Multi-label NLP refers to the task of assigning a number of labels to a given textual content input, quite than only one label. In conventional NLP duties, corresponding to textual content classification or sentiment evaluation, every enter is typically assigned a single label based mostly on its content. However, in many real-world eventualities, a piece of text can belong to a number of categories or categorical multiple sentiments concurrently.

Multi-label NLP is essential because it allows us to capture more nuanced and sophisticated data from textual content knowledge. For example, in the domain of buyer suggestions evaluation, a buyer review may express both optimistic and negative sentiments on the similar time, or it might touch upon a number of features of a services or products. By assigning a quantity of labels to such inputs, we are in a position to achieve a extra comprehensive understanding of the customer’s suggestions and take more focused actions to address their issues.

This article delves right into a noteworthy case of Provectus’ use of multi-label NLP.


> A consumer approached us with a request to assist them automate labeling documents of a certain type. At first glance, the task seemed to be straightforward and easily solved. However, as we worked on the case, we encountered a dataset with inconsistent annotations. Though our buyer had faced challenges with varying class numbers and modifications in their evaluate staff over time, that they had invested significant efforts into creating a diverse dataset with a spread of annotations. While there existed some imbalances and uncertainties within the labels, this dataset provided a useful alternative for evaluation and further exploration.

Let’s take a more in-depth look at the dataset, explore the metrics and our approach, and recap how Provectus solved the issue of multi-label textual content classification.

The dataset has 14,354 observations, with 124 distinctive courses (labels). Our task is to assign one or multiple courses to every observation.

Table 1 offers descriptive statistics for the dataset.

On common, we have about two classes per remark, with a mean of 261 completely different texts describing a single class.

Table 1: Dataset Statistic

In Figure 1, we see the distribution of classes in the top graph, and we’ve a sure number of HEAD labels with the very best frequency of occurrence within the dataset. Also notice that virtually all of classes have a low frequency of prevalence.

In the bottom graph we see that there’s frequent overlap between the lessons which are best represented within the dataset, and the lessons which have low significance.

We modified the method of splitting the dataset into train/val/test sets. Instead of using a standard methodology, we now have employed iterative stratification, to offer a well-balanced distribution of proof of label relations. For that, we used Scikit Multi-learn

from skmultilearn.model_selection import iterative_train_test_split
mlb = MultiLabelBinarizer()
def balanced_split(df, mlb, test_size=0.5):
ind = np.expand_dims(np.arange(len(df)), axis=1)
labels = mlb.transform(df[“tag”])
ind_train, _, ind_test, _ = iterative_train_test_split( ind, labels, test_size
return df.iloc[ind_train[:, 0]], df.iloc[ind_test[:, 0]]
df_train, df_tmp = balanced_split(df, test_size=0.4)
df_val, df_test = balanced_split(df_tmp, test_size=0.5)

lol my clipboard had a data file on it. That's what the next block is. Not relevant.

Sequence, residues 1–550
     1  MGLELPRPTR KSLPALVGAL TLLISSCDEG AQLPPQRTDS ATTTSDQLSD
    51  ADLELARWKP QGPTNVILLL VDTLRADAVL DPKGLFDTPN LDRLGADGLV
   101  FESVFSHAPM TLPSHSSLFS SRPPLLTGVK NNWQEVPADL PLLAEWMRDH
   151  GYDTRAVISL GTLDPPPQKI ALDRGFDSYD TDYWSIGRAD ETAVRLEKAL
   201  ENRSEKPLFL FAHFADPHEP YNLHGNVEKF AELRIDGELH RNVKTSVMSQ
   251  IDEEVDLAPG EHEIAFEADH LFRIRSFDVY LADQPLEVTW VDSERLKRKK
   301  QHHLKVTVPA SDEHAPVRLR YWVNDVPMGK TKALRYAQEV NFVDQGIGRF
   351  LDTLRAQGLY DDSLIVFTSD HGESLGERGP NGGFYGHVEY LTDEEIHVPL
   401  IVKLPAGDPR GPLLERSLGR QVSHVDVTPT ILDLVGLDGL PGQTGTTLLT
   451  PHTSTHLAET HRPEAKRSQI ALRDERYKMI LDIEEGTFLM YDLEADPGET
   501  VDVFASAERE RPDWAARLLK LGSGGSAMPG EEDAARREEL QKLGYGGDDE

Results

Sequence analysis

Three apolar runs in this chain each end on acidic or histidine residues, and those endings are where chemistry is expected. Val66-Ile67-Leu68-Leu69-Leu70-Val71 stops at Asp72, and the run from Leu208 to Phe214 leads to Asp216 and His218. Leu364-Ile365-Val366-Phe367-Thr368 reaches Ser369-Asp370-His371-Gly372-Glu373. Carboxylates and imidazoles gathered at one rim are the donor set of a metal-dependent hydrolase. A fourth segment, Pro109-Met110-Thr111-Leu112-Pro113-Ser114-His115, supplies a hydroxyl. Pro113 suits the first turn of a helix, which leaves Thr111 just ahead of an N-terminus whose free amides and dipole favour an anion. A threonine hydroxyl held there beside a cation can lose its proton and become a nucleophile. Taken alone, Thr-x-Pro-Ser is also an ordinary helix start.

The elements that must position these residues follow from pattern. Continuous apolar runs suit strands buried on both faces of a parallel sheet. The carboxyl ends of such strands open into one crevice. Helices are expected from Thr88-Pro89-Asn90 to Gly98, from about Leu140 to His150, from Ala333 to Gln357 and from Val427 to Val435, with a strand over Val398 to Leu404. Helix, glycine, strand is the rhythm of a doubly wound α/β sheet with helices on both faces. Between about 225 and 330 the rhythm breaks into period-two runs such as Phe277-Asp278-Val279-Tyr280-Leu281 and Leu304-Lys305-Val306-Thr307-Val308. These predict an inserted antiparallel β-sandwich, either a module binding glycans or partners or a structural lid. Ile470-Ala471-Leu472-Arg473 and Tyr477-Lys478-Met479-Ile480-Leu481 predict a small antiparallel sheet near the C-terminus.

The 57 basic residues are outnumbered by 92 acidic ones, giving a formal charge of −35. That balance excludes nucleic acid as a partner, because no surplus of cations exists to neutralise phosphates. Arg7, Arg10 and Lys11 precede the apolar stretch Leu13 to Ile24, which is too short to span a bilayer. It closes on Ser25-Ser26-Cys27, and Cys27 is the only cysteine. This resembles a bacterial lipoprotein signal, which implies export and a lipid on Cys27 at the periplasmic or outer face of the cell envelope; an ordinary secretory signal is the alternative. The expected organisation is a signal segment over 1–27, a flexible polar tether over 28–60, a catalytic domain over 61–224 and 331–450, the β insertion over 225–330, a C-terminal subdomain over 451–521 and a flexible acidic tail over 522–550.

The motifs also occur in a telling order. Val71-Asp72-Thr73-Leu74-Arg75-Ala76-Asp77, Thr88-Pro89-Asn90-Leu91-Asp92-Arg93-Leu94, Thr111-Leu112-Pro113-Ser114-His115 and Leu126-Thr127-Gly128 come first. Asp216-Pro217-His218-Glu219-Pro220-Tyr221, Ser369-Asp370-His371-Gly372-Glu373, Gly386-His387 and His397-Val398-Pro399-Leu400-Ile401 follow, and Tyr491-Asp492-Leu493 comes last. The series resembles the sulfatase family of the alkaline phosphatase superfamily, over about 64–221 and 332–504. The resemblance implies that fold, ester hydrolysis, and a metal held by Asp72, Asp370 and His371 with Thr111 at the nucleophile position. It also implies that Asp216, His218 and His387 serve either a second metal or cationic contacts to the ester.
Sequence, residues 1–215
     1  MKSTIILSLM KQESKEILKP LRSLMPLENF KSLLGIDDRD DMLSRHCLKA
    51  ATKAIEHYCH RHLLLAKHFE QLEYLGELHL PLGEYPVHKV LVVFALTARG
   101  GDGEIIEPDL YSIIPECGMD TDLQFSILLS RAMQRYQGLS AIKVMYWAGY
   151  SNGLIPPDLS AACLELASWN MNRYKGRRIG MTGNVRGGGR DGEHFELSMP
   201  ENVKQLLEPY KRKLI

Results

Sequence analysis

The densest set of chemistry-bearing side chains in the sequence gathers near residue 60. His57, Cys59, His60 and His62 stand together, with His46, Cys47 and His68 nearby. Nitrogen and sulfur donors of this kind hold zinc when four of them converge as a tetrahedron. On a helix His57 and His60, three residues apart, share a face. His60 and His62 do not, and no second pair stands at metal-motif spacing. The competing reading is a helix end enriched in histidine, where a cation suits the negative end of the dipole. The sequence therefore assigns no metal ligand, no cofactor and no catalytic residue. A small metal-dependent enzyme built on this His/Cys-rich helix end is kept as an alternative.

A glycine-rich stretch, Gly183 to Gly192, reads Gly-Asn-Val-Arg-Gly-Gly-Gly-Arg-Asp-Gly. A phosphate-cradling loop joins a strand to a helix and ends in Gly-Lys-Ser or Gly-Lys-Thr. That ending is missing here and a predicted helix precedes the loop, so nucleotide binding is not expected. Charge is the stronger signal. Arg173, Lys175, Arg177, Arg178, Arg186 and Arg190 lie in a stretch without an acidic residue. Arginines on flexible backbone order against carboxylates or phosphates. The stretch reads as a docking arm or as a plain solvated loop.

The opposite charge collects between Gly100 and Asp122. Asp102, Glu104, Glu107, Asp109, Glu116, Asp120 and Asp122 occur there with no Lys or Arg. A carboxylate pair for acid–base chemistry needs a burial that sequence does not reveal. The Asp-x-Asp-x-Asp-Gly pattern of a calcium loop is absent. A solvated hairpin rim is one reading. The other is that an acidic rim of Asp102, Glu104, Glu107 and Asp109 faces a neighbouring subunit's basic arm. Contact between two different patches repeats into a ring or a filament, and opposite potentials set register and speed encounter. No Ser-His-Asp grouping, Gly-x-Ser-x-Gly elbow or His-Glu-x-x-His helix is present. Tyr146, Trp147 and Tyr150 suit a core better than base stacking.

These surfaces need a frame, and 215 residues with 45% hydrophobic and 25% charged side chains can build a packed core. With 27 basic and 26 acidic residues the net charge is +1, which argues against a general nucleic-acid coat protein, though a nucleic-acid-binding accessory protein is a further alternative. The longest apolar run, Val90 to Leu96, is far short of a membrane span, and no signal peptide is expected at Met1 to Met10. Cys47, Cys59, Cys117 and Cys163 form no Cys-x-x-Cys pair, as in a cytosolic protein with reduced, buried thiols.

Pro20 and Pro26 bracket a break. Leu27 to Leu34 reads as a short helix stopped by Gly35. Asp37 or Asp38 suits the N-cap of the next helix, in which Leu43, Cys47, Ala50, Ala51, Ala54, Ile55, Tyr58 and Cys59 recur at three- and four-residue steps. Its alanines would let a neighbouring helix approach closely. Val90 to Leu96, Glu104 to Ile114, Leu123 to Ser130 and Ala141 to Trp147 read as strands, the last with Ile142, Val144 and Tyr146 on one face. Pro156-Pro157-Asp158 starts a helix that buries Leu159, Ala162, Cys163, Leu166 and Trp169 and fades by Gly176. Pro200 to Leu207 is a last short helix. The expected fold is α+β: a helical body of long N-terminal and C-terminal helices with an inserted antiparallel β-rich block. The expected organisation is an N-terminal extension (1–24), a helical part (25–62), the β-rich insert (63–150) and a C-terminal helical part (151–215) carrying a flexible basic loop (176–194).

We obtained the following distribution:

1. The training dataset incorporates 60% of the information and covers all 124 labels
2. The validation dataset incorporates 20% of the data and covers all 124 labels
3. The test dataset contains 20% of the information and covers all 124 labels

Multi-label classification is a type of supervised machine learning algorithm that enables us to assign multiple labels to a single information sample. It differs from binary classification the place the model predicts solely two categories, and multi-class classification where the model predicts only one out of a quantity of lessons for a sample.

Evaluation metrics for multi-label classification performance are inherently completely different from those utilized in multi-class (or binary) classification as a outcome of inherent variations of the classification downside. More detailed information can be discovered on Wikipedia.

We chosen metrics that are most suitable for us:

1. Precision measures the proportion of true optimistic predictions among the total optimistic predictions made by the mannequin.
2. Recall measures the proportion of true constructive predictions among all precise constructive samples.
3. F1-score is the harmonic imply of precision and recall, which helps to revive balance between the two.
four. Hamming loss is the fraction of labels that are incorrectly predicted

We additionally monitor the number of predicted labels within the set defined as rely for labels, for which we obtain an F1 score > 0.

Multi-Label Classification is a kind of supervised studying drawback the place a single instance or example could be associated with a quantity of labels or classifications, as opposed to conventional single-label classification, where each occasion is just associated with a single class label.

To remedy multi-label classification issues, there are two main categories of techniques:

1. Problem transformation methods
2. Algorithm adaptation methods

Problem transformation methods enable us to transform multi-label classification duties into multiple single-label classification duties. For instance, the Binary Relevance (BR) baseline strategy treats every label as a separate binary classification downside. In this case, the multi-label problem is reworked into a quantity of single-label problems.